I am embarrassed to ask such a probably stupid question but,
(as I haven't found the definitive thread yet) is baffle step defined by
the horizontal displacement of drivers on the baffle, i.e. the tweeter
should be mounted several inches *behind* the woofer,(hence slanted baffles)
or does it mean the distance between the drivers 'frame' and the edge of the
enclosure? and...
Full/partial Zobelling? I would have assumed full was required to get a
flat impedance curve (after resonance)?
Diffraction ripple - will also have to put that on my 'study list' but I assume
similar to 'fluid (water) waves diffracting around an obstruction'!
Yes! I am planning to put these in a sealed box.(but MLTWQT? I'm lost, Lol!)
Thanks again, very best wishes, Grant
(sorry for delay in posting)
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Old 22nd August 2006, 04:40 PM   #17
infinia is offline infinia  United States
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Quote:
Originally posted by sreten



Hmmm......

It would help if you actually knew what you are talking about.
This is not the first time that you given apparently sensible
advice based on a set of premises that are simply not correct.

I do wish you'd stop pretending you know more than you actually do.

/sreten.

Hmmmm...Some weird dynamic going on here. Sreten why do I deserve a tirad like this? You should look to your own posts, and put in more quality of instead of quantity. I am prepared to defend myself from any technical argument you can muster. Sreten with a response like this, you have just proven you are not a gentleman by any means.
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Old 22nd August 2006, 06:08 PM   #18
sreten is offline sreten  United Kingdom
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Quote:
Originally posted by grantnsw
Hello again sreten and thank you kindly for your considered reply.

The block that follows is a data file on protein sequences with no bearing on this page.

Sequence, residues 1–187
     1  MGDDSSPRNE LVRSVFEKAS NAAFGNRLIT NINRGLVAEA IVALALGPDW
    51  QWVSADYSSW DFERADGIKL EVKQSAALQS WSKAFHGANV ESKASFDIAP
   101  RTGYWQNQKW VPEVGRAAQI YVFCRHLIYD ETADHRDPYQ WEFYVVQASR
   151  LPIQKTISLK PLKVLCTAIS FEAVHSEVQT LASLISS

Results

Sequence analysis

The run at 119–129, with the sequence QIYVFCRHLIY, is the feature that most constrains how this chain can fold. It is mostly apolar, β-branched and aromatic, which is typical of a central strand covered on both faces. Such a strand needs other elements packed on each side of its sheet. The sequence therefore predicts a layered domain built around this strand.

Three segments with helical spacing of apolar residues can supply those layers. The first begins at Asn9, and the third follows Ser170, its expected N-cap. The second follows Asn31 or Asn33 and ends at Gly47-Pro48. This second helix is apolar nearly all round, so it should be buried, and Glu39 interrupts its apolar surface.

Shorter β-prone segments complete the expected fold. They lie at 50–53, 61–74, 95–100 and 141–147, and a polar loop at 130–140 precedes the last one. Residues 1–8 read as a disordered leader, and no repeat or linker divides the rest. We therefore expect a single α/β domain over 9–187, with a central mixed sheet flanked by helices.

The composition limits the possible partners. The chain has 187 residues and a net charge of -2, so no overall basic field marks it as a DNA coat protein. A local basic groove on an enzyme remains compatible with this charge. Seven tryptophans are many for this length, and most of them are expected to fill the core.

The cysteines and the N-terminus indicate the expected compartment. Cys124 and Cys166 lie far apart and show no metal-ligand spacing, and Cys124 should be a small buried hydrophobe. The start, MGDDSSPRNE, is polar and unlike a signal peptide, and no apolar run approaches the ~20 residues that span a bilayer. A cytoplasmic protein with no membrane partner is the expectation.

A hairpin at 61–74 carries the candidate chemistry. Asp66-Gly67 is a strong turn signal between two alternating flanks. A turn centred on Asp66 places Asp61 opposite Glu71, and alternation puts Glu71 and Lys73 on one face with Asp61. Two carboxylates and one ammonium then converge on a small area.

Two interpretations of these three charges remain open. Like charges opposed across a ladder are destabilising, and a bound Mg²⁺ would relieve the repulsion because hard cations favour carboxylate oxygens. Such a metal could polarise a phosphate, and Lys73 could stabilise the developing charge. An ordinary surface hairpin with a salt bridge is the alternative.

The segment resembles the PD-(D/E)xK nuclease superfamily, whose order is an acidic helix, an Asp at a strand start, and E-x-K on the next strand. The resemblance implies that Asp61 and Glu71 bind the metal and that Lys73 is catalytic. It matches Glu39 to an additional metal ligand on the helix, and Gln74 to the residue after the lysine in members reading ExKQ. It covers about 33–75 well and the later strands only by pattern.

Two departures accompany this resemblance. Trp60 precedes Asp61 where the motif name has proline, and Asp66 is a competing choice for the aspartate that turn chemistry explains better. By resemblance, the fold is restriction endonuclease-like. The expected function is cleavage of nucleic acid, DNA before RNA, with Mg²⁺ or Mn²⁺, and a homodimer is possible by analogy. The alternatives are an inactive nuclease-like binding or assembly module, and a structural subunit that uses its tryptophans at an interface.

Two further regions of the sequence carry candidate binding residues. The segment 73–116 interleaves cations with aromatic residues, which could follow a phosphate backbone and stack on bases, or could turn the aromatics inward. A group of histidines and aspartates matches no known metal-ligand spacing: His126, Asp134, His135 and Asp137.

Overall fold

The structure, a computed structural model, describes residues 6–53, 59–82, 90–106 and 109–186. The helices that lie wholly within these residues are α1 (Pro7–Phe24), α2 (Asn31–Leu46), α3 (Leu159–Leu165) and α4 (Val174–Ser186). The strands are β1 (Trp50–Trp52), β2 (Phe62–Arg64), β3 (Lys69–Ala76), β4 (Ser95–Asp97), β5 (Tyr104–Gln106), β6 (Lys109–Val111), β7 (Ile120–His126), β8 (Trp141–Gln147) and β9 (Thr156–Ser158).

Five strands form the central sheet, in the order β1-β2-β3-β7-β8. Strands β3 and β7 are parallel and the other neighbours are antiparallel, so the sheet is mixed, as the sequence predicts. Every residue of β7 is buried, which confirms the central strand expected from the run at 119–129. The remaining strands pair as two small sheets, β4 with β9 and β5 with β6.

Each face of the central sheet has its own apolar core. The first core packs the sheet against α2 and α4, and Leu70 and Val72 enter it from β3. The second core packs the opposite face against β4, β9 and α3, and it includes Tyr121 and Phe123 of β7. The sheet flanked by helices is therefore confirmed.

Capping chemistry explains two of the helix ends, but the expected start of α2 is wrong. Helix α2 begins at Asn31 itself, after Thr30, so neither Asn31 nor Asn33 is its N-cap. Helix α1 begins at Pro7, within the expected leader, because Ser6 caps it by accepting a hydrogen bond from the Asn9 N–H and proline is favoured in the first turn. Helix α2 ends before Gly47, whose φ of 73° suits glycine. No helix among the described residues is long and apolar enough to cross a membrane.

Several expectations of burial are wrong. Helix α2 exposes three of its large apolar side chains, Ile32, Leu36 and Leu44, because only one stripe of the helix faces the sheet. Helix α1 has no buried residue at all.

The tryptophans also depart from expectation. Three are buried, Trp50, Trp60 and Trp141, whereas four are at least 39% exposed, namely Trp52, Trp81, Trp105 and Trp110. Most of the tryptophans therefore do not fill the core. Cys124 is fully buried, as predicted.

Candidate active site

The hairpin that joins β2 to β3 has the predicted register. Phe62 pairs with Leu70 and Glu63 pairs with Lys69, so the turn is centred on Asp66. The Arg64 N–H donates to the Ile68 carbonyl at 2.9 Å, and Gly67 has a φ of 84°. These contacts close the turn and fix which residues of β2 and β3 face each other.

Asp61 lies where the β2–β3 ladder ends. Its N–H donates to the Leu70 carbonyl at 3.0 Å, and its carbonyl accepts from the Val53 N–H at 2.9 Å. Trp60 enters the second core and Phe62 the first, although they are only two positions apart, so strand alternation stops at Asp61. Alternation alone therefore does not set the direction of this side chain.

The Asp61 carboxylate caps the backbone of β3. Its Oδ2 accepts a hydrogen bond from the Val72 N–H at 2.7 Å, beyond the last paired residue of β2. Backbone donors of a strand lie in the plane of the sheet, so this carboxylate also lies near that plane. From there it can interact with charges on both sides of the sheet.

I am embarrassed to ask such a probably stupid question but,
(as I haven't found the definitive thread yet) is baffle step defined by
the horizontal displacement of drivers on the baffle, i.e. the tweeter
should be mounted several inches *behind* the woofer,(hence slanted baffles)
or does it mean the distance between the drivers 'frame' and the edge of the
enclosure? and...
Full/partial Zobelling? I would have assumed full was required to get a
flat impedance curve (after resonance)?
Diffraction ripple - will also have to put that on my 'study list' but I assume
similar to 'fluid (water) waves diffracting around an obstruction'!
Yes! I am planning to put these in a sealed box.(but MLTWQT? I'm lost, Lol!)
Thanks again, very best wishes, Grant
(sorry for delay in posting)

Hi,

BSC you'll have to search on - but its not horizontal alignment.
Related to BSC it has ripples it is not a smooth progression.
BSC is caused by diffraction, the difraction has ripples.
Start here : http://sound.westhost.com/bafflestep.htm

Many speaker designs do not zobel the bass driver. Full is required
for flat impedance, but partial can be used for flatter impedance
(but not flat) and to manipulate response, phase + impedance.
There is a whole range of possibilities for the series L and parallel
C (with / without an R in series with C) that can be manipulated
between 1st order with Zobel and a second order c/o.

MLTQWT (not mltwqt) is mass loaded tapered quarter wave tube,
a variation of TL's and TQWTs,
see : http://www.quarter-wave.com/
also see http://www.t-linespeakers.org/

Sealed box loading is fairly simple but as Fs is not particularly